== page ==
I’d urge you to check out Annette Simmons.  “The Story Factor” is one of the classics for organizational storytelling.  And the bonus: she’s a gem.

  • Miked

    Great story and ideas…. Take God and the bible out of your comments. The message gets lost a bit by all the preaching. Let people decide their own thoughts on religion and keep the great lessons coming.

  • mdmaurer

    Yes, falling victim to “The Narrator” is something I catch myself doing. I love how you describe it here.  Good points to think about. #2 is highlight for me. Comparing it to Truth is what I needed to hear today. Thanks!

  • Willi Haemel

    Thank you again for this timely reminder. Everything went south in a hurry yesterday as I “bought into” the script of my narrator on what I was witnessing. How do we see? I realised a short while ago it was not with my eyes, but with my mind. With a life times collection of what I have heard, seen, bought into, and “judgements” (meanings I have ascribed to)  I have made about all of these experiences.  This, I believe is the challenge of being transformed by the renewing our minds. Thank God He is with us daily to give us HIS perspective, His truth on what is really transpiring. 

  • http://uma-maheswaran.blogspot.com/ Uma Maheswaran S

    Mike! As I read this post, I am reminded of the saying by Winston Churchill during World War-II: “Sure I am, this day we are masters of our fate, that the task which has been set before us is not above our strength; that its pangs and toils are not beyond our endurance. As long as we have faith in our own cause and an unconquerable will to win, victory will not be denied us.”

  • Itzach Stern

    “The trick is to enjoy life. Don’t wish away your days waiting for better ones ahead.” and the quote simply portray how important it is to live our lives to the fullest, eat ice cream, long distance walk, chat, laugh now because to live is to cherish.

    quotes about letting go

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  • Jrbdanish58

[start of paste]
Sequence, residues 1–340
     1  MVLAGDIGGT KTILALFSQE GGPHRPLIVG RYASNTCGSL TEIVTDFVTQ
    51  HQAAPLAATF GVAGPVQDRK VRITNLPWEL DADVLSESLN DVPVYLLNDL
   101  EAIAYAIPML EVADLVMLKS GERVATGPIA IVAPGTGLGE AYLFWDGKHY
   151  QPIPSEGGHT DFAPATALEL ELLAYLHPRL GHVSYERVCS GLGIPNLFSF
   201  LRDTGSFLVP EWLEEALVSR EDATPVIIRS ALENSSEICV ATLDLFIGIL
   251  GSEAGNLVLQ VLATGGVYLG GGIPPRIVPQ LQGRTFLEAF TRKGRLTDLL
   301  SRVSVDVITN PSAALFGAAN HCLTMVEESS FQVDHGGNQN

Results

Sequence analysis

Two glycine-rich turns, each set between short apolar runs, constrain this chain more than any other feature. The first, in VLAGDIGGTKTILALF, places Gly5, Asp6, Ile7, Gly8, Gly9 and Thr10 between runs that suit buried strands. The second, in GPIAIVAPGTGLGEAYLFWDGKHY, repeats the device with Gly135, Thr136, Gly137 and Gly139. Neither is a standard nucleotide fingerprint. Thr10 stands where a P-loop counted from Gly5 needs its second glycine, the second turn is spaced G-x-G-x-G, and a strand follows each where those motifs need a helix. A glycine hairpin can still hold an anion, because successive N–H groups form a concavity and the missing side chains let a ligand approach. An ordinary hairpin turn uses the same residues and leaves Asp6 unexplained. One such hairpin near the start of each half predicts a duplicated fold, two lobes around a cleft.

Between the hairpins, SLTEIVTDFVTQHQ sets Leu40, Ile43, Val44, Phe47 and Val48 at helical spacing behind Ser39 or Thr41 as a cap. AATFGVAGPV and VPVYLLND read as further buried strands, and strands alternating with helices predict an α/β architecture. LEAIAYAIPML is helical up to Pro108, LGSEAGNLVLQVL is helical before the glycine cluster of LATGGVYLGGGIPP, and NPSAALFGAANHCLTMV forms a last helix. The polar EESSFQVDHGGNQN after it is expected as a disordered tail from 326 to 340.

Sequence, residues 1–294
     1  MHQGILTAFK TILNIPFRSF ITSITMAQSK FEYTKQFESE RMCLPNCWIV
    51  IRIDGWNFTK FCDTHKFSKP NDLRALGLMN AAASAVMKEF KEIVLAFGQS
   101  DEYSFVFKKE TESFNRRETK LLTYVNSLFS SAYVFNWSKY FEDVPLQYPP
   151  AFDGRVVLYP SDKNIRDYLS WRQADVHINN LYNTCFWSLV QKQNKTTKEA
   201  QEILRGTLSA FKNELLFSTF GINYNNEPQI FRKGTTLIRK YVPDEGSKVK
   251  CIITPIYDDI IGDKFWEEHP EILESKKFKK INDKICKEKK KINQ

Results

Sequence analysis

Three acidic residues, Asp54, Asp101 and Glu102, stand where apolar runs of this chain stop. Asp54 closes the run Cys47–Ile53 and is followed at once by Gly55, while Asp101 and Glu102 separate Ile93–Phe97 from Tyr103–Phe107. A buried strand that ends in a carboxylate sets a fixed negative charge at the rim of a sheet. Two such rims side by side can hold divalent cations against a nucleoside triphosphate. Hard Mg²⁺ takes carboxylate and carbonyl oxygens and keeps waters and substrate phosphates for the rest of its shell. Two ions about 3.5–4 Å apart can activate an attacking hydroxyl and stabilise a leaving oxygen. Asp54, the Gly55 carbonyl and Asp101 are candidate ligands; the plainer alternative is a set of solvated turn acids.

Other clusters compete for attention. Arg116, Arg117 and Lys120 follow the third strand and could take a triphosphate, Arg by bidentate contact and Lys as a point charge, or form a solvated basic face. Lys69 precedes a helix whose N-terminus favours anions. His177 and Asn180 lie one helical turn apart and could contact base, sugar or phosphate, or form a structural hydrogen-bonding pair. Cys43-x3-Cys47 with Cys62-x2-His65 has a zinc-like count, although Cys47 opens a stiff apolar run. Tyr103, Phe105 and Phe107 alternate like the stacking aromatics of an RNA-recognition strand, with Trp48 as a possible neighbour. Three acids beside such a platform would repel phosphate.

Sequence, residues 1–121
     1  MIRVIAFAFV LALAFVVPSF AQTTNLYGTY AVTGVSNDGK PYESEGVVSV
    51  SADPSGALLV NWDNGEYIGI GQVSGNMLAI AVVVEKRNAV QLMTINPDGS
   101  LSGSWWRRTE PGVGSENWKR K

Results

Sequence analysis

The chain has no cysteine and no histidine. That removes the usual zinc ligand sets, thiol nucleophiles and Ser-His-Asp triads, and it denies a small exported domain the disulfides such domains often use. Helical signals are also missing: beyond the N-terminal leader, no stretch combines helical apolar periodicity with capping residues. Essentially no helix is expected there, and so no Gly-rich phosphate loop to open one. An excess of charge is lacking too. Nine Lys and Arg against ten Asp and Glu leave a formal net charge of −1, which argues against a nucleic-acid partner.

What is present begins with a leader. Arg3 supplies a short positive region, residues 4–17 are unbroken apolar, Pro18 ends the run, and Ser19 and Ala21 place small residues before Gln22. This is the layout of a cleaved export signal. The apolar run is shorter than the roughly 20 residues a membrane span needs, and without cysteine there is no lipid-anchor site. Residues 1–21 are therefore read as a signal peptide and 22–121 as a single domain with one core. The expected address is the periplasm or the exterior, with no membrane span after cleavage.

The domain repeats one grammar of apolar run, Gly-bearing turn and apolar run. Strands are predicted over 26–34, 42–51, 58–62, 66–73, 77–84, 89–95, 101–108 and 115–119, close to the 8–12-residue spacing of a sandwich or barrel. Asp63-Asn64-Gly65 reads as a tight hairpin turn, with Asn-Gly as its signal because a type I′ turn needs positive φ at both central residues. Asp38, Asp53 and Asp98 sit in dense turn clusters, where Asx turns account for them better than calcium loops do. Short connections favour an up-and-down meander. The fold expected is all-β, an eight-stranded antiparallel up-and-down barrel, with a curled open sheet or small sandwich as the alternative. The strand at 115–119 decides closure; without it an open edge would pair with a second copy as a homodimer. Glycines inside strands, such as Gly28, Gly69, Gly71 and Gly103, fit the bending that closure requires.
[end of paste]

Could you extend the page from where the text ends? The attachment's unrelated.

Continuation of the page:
Michael, new to your website & blog. Found it in the middle of the night and could not stop reading. I’m 59 and aware a change is coming into my life. This article helped me understand the difference between the narrator and navigator. Which am I going to follow? Thank you!

    • http://michaelhyatt.com Michael Hyatt

      Welcome to my blog. I really like your nomenclature: “navigator” vs. “narrator.”

  • Mike Fairman

    Trying to imagine how much better my life and the lives of all those whom I love would be if we all followed this advice.

  • Gmpresley

    Think you, Michael

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  • Dee

    i have tried many different avenues in my life , some time appears to have failed sometimes i can see why other times i cant. I am taking things easy as i am losing my sight but still dont want to do nothing , when these times of failure come its very diffcult to stay positive i have had many times of feeling like gviing up my narrator is saying whats the point someone or something will mess it up for you. This time im talking my positively to myself saying take your time dont panick and dont get near your goal and throw it rather than lose it just go through it x i guess im learning ot trust myself sometimes im utterly surprised when people believe in me more than i do , so heres to working it out 
    sorry for they typo im a touch typer x